August 11, 2008, Glenn I. Kirkland, secretary of the Nehemiah Ministries
board of directors, died at his home at
, of complications resulting from dialysis. He was 89, and had been a
resident since 1945.
was born on April 8, 1919, in Hays Borough,
, which later became part of
. His mother, Elizabeth Pollock Kirkland, was a school teacher, and his
father, Emmett Kirkland, a carpenter. He was one of five siblings, and
was their last survivor. During his early teens, Glenn built several
radios capable of receiving short-wave signals, and at 16 earned his
radio amateurs license.
, then earned both bachelors and masters degrees in physics from the
Carnegie Institute of Technology. He also completed the coursework
toward a doctorate in physics, before World War II interrupted his
studies. He moved to
in 1945, and began working for
’s Applied Physics Laboratory. He became a member of their Principal
Professional Staff, and retired in 1984 after 39 years of service. At
APL he helped develop the VT fuse, a supersonic guide missile telemetry
system, the AEGIS weapon system, and also performed missile flight test
1949 Glenn married Grace Mize, an office assistant at the Treasury
Department. They had one child, Evelyn, in 1951, who married Dr. M.
Blaine Smith in 1973. In 1977 at the age of 66, Grace was diagnosed with
Alzheimer's disease and began the slow, inexorable deterioration of her
mental capacities, until she died in 1990. A year later Glenn married
Barbara Shytle Denny, and they have enjoyed seventeen years together.
battle with Alzheimer’s disease inspired Glenn to devote himself
during his retirement years to problems of aging and care-giving. He was
a relentless advocate on behalf of families touched by Alzheimer’s.
With few resources, he initiated support groups throughout
, enabling family caregivers to draw support from one another. He gained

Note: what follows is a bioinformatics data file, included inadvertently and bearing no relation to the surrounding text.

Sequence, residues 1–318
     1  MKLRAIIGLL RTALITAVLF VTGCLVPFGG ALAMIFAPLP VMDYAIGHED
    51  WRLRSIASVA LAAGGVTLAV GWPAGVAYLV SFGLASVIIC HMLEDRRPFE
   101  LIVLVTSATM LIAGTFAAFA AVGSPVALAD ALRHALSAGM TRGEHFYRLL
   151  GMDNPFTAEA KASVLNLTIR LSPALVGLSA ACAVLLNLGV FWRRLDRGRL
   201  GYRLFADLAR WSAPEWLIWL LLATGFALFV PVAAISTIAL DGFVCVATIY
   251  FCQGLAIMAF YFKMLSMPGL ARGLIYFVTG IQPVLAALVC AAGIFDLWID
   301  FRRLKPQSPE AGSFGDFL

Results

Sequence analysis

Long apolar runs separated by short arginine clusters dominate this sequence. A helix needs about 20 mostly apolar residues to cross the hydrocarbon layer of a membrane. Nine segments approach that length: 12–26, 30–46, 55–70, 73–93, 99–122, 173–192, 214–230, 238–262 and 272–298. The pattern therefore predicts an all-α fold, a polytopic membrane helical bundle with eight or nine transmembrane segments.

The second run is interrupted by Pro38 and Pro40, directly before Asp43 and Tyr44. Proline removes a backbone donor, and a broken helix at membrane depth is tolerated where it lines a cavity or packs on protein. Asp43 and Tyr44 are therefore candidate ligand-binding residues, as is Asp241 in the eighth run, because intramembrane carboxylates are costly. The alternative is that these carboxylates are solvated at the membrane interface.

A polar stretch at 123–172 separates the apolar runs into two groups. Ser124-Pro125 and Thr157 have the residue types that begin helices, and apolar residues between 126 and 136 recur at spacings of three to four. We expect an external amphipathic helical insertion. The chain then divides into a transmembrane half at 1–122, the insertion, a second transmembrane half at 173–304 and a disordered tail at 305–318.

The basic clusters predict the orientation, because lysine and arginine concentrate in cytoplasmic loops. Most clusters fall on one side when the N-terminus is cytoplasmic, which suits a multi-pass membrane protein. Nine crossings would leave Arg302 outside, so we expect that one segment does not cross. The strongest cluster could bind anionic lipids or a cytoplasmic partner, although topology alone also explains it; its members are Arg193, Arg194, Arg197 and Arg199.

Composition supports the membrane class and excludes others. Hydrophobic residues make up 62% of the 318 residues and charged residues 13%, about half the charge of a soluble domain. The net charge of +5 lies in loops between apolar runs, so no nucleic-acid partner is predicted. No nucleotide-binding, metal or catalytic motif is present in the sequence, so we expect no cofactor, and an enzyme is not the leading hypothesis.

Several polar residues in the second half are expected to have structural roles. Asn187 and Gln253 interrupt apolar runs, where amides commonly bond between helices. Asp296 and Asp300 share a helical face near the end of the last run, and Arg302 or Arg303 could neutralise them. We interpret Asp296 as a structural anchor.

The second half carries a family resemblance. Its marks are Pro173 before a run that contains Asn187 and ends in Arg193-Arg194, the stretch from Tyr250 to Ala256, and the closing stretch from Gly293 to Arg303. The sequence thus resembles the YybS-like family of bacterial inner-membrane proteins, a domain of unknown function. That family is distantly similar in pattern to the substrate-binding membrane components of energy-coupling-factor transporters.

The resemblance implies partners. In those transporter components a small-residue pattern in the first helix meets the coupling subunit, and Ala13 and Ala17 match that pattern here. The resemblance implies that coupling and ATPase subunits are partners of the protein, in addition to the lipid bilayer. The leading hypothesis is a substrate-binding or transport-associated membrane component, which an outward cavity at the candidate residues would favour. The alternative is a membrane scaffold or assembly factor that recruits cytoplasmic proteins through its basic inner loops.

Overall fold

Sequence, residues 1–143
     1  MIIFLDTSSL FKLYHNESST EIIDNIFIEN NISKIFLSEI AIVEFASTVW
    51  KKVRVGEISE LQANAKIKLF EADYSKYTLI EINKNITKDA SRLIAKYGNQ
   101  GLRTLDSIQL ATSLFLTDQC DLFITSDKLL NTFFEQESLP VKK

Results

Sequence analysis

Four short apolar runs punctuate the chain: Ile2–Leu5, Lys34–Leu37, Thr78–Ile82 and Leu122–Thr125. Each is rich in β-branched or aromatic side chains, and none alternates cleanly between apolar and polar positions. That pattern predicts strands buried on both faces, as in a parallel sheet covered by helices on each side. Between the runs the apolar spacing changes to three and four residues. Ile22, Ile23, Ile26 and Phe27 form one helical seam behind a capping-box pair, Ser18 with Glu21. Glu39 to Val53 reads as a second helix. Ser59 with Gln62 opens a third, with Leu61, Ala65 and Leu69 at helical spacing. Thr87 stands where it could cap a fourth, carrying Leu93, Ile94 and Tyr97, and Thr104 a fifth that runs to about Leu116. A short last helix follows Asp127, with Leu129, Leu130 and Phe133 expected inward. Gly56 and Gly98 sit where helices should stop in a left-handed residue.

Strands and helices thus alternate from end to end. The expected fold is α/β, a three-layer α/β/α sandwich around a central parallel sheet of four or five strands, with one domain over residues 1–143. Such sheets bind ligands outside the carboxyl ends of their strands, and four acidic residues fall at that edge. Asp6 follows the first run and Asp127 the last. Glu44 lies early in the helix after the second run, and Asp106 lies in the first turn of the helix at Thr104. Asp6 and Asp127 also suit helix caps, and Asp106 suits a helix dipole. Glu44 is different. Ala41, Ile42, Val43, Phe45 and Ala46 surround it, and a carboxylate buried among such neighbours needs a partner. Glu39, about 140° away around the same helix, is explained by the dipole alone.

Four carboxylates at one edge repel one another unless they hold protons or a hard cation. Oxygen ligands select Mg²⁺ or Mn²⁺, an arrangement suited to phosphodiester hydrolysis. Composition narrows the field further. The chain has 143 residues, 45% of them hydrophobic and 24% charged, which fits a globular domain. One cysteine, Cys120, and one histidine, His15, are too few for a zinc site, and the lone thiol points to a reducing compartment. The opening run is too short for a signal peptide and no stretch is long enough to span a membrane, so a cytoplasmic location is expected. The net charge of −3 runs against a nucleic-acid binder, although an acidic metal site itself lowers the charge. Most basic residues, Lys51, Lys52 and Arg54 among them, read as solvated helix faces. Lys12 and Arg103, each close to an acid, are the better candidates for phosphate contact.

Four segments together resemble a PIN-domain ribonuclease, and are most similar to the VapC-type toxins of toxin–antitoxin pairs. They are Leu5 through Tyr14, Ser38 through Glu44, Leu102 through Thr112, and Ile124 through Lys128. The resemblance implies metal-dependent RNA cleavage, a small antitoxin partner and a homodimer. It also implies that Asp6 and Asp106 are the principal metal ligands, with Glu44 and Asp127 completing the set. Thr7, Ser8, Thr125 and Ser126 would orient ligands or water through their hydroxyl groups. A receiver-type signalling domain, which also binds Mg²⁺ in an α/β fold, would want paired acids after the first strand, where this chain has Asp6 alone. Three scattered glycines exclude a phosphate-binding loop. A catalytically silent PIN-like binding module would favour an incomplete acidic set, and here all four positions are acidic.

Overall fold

the attention of policy makers in his efforts to promote the development
of supportive services and funding for Alzheimer’s research. In 1977,
he helped found the Alzheimer’s Disease Association of
, then became it’s first president; it became the
chapter of the Alzheimer’s Association when that organization formed a
year later. He helped to organize the Maryland Association of Adult Day
Care Centers and was its first president. Later he served as Secretary
to the Board of Directors of the Maryland Gerontological Association.
greatest contribution to creating public awareness about Alzheimer’s,
though, was his decision to open his private life to documentary
. The award-winning team of William T. Whiteford and Susan Hadary filmed
Glenn and Grace’s journey over seven years of the devastating
progression of the disease. The resulting videos have been called “the
definitive work on the longitudinal study of Alzheimer’s disease,”
and have been shown world-wide as teaching aids in the care of people
with dementia. Glenn became a sought-after speaker to present the films
at workshops and conferences, and a half-hour documentary produced from
this material, “Living with Grace,” aired frequently on public
was a Fellow of the American Scientific Affiliation, a life member of
the American Association for the Advancement of Science, a life member
of the Electrical and Electronic Engineers, and a life member of the
Amateur Radio Relay League. He was also a member of Phi Kappa Phi, and a
long-time member of Fourth Presbyterian Church of Bethesda, Maryland,
serving on their session. He was also secretary of the board of Nehemiah
Ministries, since its inception in 1978.
2001, Glenn and Barbara moved from their home in North Potomac, Maryland
, a Continuing Care Retirement Community, in
. There Glenn helped to organize the
, worked as a cameraman and announcer for Channel 99, and sang with both
choir and the male vocal group “The Balladeers.”
memorial service will be held for Glenn on Sunday, August 31, 2008, at
the Riderwood Village Chapel,
3110 Gracefield Rd.
. In lieu of flowers, donations may be made to the Maryland
Alzheimer’s Association. Earmark your check “The Glenn Kirkland
Fund,” and mail to: Alzheimer’s
1850 York Road
, Suite D,
21093-5142. You may also contribute to them by phone, at 410-561-9099.